The Charlie Munger Checklists
A rigorous, disciplined, and realistic process Charlie Munger advocates in order to research, analyze, evaluate, and act on important decisions.
“How can smart people so often be wrong? They don’t do what I’m telling you to do: use a checklist to be sure you get all the main models and use them together in a multimodular way” - Charlie Munger
Charlie Munger, Vice-chairman of Berkshire Hathaway lays out the use of checklists, both formal and informal, as indispensable tools for decision making and problem-solving.
Throughout Poor Charlie’s Almanack, Charlie recommends four basic types of checklists that necessarily overlap and reinforce each other. The process is rigorous but disciplined and realistic and allows him to act decisively when the odds are in one’s favor.
The Two-Track Analysis
❏ What are the factors that really govern the interests involved, rationally considered? (for example, macro, and micro-level economic factors).
❏ What are the subconscious influences, where the brain at a subconscious level is automatically forming conclusions? (influences from instincts, emotions, cravings, and so on).
Investing and Decision Making Checklist
All investment evaluations should begin by measuring risk, especially reputational.
❏ Incorporate an appropriate margin of safety
❏ Avoid dealing with people of questionable character
❏ Insist upon proper compensation for risk assumed
❏ Always beware of inflation and interest rate exposures
❏ Avoid big mistakes; shun permanent capital loss
“Only in fairy tales are emperors told they are naked”. Objectivity and rationality require independence of thought.
❏ Remember that just because other people agree or disagree with you doesn’t make you right or wrong — the only thing that matters is the correctness of your analysis and judgment
❏ Mimicking the herd invites regression to the mean (merely average performance)
“The only way to win is to work, work, work, work, and hope to have a few insights”.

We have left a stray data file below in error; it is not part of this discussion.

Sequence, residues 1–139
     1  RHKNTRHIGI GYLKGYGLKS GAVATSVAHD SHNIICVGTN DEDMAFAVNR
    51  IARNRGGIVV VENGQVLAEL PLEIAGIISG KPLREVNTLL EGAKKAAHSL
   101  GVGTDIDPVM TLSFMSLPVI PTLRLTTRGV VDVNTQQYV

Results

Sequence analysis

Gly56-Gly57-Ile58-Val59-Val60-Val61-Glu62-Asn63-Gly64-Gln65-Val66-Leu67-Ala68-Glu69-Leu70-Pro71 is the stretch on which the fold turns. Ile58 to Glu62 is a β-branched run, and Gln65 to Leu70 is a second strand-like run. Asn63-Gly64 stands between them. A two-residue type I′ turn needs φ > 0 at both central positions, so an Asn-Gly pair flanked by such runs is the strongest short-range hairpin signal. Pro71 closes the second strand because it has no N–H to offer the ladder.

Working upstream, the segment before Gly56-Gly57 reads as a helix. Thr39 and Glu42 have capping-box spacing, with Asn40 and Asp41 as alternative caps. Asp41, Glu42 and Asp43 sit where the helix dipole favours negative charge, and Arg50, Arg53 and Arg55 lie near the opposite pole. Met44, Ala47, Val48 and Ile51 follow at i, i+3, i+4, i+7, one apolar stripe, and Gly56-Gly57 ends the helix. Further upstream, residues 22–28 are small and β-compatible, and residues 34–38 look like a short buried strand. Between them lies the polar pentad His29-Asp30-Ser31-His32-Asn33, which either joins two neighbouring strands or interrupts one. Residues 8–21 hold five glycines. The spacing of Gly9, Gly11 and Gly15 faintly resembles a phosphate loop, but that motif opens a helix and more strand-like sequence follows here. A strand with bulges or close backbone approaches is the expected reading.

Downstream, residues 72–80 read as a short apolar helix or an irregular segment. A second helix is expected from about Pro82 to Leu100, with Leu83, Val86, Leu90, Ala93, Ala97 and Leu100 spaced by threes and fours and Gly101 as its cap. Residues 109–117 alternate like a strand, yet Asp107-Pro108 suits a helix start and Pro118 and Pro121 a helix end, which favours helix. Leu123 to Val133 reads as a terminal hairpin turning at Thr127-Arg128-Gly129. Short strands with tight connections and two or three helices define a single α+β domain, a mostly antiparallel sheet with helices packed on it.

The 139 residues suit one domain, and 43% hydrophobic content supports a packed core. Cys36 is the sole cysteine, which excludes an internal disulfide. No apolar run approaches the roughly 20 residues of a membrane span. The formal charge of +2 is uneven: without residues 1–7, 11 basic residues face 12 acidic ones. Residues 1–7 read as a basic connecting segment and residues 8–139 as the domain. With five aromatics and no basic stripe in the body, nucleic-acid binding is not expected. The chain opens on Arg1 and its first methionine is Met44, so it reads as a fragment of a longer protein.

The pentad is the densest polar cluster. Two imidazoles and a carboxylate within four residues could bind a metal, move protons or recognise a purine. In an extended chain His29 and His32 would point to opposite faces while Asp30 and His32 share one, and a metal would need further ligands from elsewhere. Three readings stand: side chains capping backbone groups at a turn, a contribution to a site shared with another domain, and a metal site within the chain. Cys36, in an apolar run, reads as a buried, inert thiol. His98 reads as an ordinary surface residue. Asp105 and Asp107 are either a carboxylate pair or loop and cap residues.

❏ Develop into a lifelong self-learner through voracious reading; cultivate curiosity and strive to become a little wiser every day
❏ More important than the will to win is the will to prepare
❏ Develop fluency in mental models from the major academic disciplines. If you want to get smart, the question you have to keep asking is “why, why, why?”
d). Intellectual humility
Acknowledging what you don’t know is the dawning of wisdom.
❏ Stay within a well-defined circle of competence. Identify and reconcile disconfirming evidence.
❏ Resist the craving for false precision, false certainties, etc
❏ Above all, never fool yourself, and remember that you are the easiest person to fool
e.) Analytic rigor
The use of the scientific method and effective checklists minimizes errors and omissions.
❏ Determine value apart from price; progress apart from activity; wealth apart from size
❏ It is better to remember the obvious than to grasp the esoteric
❏ Be a business analyst, not a market, macroeconomic, or security analyst o
❏ Consider totality of risk and effect; look always at potential second order and higher-level impacts
❏ Think forwards and backwards-Invert, always invert
Proper allocation of capital is an investor’s number one job.
❏ Remember that highest and best use is always measured by the next best case (opportunity cost)
❏ Good ideas are rare — when the odds are greatly in your favor, bet (allocate) heavily
❏ Don’t “fall in love” with an investment-be situation-dependent and opportunity-driven
Resist the natural human bias to act.
❏ “Compound interest is the eighth wonder of the world” (Einstein); never interrupt it unnecessarily
❏ Avoid unnecessary transactional taxes and frictional costs; never take action for its own sake
❏ Be alert for the arrival of luck
❏ Enjoy the process along with the proceeds, because the process is where you live
When proper circumstances present themselves, act with decisiveness and conviction
❏ Be fearful when others are greedy, and greedy when others are fearful
❏ Opportunity doesn’t come often, so seize it when it does
❏ Opportunity meeting the prepared mind: that’s the game
Live with change and accept unremovable complexity
❏ Recognize and adapt to the true nature of the world around you; don’t expect it to adapt to you
❏ Continually challenge and willingly amend your “best-loved ideas”. Recognize reality
even when you don’t like it — especially when you don’t like it
Keep things simple and remember what you set out to do.
❏ Remember that reputation and integrity are your most valuable assets and can be lost in a heartbeat
❏ Guard against the effects of hubris and boredom
❏ Don’t overlook the obvious by drowning in minutiae
❏ Be careful to exclude unneeded information or slop: “A small leak can sink a great ship”
❏ Face your big troubles; don’t sweep them under the rug
Ultra-Simple General Problem Solving Notions
❏ Decide the big “no-brainer” questions first.
❏ Apply numerical fluency.
❏ Invert (think the problem through in reverse).
❏ Apply elementary multidisciplinary wisdom, never relying entirely upon others.
❏ Watch for combinations of factors- the Lollapalooza effect.
His famous Twenty-Five Standard Causes of Human Misjudgment, you find them all in my article here.
This article was derived in large part from the material and inspiration listed below.
Peter D. Kaufman, Poor Charlie’s Almanack: The Wit and Wisdom of Charles T. Munger, Expanded Third Edition
Charlie Munger, Harvard University, June 1995 — Original video link